Henry Pepwell.

The cell of self-knowledge: seven early English mystical treatises printed by Henry Pepwell in 1521: online

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Translated by Alice Kemp-
Welch. With an Introduction
by L. Brandin.

lated and edited by Alice Kemp-

LADY. Translated and edited
by Alice Kemp- Welch.

GEMINIANO. Translated and
edited by M. Mansfield.

Manners for the Young. Modern-
ised and edited by Edith


Translated by Mary G. Steeg-
MANN. With an Introduction by
Algar Thorold.

OF LOVE. Edited by Edith

Edith Rickert.

MAS CAROLS. Collected and
arranged by Edith Rickert.

LEDGE : Seven Early English
Mystical Treatises. Edited by
Edmund G. Gardner, M.A.

Digitized by the Internet Archive

in 2009 with funding from

Boston Library Consortium IVIember Libraries


•^ i'<^:^




The Frontispiece is taken from
B.M. MS. Faustina, B. VI.


\ C 2.2S3



All rig his reserved

*' Stiamo nella cella del cognoscimento di noi ; cogno-
scendo, noi per noi non ess ere, e la bonta di Dio in noi ;
ricognoscendo I'essere, e ogni grazia che e posta sopra
I'essere, da lui." — St. Catherine of Siena.

" Tergat ergo speculum suum, mundet spiritum suum,
quisquis sitit videre Deum suum. Exterso autem speculo
et diu diligenter inspecto, incipit ei quaedam divini
luminis claritas interlucere, et immensus quidam insolitae
visionis radius oculis ejus apparere. Hoc lumen oculos
ejus irradiaverat, qui dicebat : Signatum est super nos
lumen vultus tui, Domine ; dedisti laetitiam in corde meo.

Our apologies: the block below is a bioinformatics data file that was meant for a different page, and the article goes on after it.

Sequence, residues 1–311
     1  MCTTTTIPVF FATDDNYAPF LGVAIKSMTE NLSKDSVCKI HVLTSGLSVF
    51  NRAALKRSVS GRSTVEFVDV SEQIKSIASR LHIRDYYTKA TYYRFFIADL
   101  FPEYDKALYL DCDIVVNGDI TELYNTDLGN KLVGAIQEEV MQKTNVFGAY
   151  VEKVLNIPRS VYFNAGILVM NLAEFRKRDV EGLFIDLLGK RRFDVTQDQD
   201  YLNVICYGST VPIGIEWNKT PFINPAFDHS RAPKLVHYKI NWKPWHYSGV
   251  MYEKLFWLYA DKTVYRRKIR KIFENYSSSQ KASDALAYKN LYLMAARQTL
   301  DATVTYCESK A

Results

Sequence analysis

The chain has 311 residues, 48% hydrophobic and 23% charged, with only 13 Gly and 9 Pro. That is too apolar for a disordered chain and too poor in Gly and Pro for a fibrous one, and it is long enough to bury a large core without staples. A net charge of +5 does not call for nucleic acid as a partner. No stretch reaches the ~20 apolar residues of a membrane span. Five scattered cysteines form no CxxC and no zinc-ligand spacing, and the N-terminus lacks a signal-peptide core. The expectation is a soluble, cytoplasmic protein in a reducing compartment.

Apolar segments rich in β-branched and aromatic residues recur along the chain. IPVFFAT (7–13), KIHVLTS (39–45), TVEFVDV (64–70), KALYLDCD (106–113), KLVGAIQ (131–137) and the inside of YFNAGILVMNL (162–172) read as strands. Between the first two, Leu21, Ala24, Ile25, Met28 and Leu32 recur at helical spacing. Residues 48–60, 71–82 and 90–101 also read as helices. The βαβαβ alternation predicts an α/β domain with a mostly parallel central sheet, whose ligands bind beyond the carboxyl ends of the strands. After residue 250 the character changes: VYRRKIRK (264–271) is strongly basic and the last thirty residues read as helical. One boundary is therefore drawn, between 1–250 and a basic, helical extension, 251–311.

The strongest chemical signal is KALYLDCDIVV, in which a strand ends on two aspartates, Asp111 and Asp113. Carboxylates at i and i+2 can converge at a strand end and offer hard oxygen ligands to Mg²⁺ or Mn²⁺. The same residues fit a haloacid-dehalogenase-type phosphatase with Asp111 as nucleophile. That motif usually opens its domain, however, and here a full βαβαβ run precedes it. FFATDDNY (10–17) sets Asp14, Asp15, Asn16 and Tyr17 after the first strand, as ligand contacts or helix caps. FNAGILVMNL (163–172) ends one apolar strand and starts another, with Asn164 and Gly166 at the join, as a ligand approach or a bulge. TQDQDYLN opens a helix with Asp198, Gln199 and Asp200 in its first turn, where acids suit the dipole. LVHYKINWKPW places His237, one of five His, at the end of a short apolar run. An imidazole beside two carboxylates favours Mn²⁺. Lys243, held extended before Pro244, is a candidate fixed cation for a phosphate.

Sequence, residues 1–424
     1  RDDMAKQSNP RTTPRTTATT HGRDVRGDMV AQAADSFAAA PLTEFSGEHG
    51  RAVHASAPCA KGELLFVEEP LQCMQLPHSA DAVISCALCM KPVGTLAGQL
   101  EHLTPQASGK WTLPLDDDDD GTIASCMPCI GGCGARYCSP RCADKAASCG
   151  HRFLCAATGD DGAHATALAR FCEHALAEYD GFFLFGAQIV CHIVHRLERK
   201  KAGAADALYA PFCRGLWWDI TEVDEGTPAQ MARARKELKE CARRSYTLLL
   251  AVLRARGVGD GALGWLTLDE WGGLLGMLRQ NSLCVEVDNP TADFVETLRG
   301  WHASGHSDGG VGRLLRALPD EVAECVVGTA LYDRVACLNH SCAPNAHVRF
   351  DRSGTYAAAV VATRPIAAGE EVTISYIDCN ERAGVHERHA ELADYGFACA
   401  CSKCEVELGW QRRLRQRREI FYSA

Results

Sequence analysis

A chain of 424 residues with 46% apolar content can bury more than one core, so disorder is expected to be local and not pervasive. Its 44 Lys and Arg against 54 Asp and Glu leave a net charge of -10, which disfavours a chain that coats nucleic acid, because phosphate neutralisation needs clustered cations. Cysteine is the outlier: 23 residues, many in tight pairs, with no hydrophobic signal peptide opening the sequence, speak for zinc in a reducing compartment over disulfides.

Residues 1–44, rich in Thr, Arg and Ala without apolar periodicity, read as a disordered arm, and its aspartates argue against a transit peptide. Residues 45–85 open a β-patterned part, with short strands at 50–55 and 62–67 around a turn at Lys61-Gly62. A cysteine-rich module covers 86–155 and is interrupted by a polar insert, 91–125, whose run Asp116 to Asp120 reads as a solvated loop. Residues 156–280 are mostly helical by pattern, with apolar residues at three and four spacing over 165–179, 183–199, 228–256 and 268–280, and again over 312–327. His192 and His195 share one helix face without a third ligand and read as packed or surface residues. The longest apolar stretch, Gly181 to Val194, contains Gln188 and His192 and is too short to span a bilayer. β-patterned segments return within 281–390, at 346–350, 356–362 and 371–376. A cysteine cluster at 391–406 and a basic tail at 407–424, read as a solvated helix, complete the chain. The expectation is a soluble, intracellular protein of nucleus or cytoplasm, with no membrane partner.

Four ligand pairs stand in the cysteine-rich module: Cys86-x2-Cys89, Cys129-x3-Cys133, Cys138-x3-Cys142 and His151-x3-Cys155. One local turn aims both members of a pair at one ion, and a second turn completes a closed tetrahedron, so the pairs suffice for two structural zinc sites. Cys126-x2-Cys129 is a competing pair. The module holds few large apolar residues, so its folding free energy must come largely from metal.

Ex hujus igitur luminis visione quam admiratur in se,
mirum in modum accenditur animus, et animatur ad
videndum lumen, quod est supra se." — Richard of St,



I. A very Devout Treatise, named Benjamin, of the
Mights and Virtues of Man's Soul, and of the
Way to True Contemplation, compiled by a
Noble and Famous Doctor, a man of great holi-
ness and devotion, named Richard of Saint
Victor I

The Prologue ...... 3

Cap. I. How the Virtue of Dread riseth in
the Affection 7

Cap. II. How Sorrow riseth in the Affection 8

Cap. III. How Hope riseth in the Affection 9

Cap. IV. How Love riseth in the Affection 10

Cap. V. How the Double Sight of Pain and
Joy riseth in the Imagination . . .12

Cap. VI. How the Virtues of Abstinence and
Patience rise in the Sensuality . . 15

Cap. VII. How Joy of Inward Sweetness

riseth in the Affection .... 19




Cap. VIII. How Perfect Hatred of Sin
riseth in the Affection . . . .22

Cap. IX. How Ordained Shame riseth and
groweth in the Affection . . .24

Cap. X. How Discretion and Contempla-
tion rise in the Reason . . -27

II. Divers Doctrines Devout and Fruitful, taken out

of the Life of that Glorious Virgin and Spouse

of Our Lord, Saint Katherin of Scenes . . 35

III. A Short Treatise of Contemplation taught by

Our Lord Jesu Christ, or taken out of the Book

of Margery Kempe, Ancress of Lynn . . 49

IV. A Devout Treatise compiled by Master Walter

Hylton of the Song of Angels . . .61

V. A Devout Treatise called the Epistle of Prayer 75

VI. A very necessary Epistle of Discretion in Stir-
rings of the Soul 93

VII. A Devout Treatise of Discerning of Spirits,

very necessary for Ghostly Livers . . '117


FROM the end of the thirteenth to the beginning of
the fifteenth century may be called the golden age
of mystical literature in the vernacular. In Germany, we
find Mechthild of Magdeburg (d. 1277), Meister Eckhart
{d, 1327), Johannes Tauler {d. 1361), and Heinrich Suso
{d. 1365) ; in Flanders, Jan Ruysbroek (d. 1381) ; in
Italy, Dante Alighieri himself (d. 1 321), Jacopone da
Todi {d. 1306), St. Catherine of Siena {d. 1380), and
many lesser writers who strove, in prose or in poetry, to
express the hidden things of the spirit, the secret inter-
course of the human soul with the Divine, no longer in
the official Latin of the Church, but in the language
of their own people, " a man's own vernacular," which